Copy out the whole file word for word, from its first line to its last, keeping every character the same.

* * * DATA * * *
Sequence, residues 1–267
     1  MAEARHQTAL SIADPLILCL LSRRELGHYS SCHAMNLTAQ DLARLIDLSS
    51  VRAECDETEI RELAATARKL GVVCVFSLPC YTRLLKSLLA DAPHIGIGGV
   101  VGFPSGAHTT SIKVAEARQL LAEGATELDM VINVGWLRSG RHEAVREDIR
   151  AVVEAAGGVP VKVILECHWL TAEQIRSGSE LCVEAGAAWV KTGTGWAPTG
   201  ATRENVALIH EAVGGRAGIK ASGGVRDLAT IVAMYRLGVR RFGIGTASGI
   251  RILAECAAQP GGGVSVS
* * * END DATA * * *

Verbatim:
Sequence, residues 1–267
     1  MAEARHQTAL SIADPLILCL LSRRELGHYS SCHAMNLTAQ DLARLIDLSS
    51  VRAECDETEI RELAATARKL GVVCVFSLPC YTRLLKSLLA DAPHIGIGGV
   101  VGFPSGAHTT SIKVAEARQL LAEGATELDM VINVGWLRSG RHEAVREDIR
   151  AVVEAAGGVP VKVILECHWL TAEQIRSGSE LCVEAGAAWV KTGTGWAPTG
   201  ATRENVALIH EAVGGRAGIK ASGGVRDLAT IVAMYRLGVR RFGIGTASGI
   251  RILAECAAQP GGGVSVS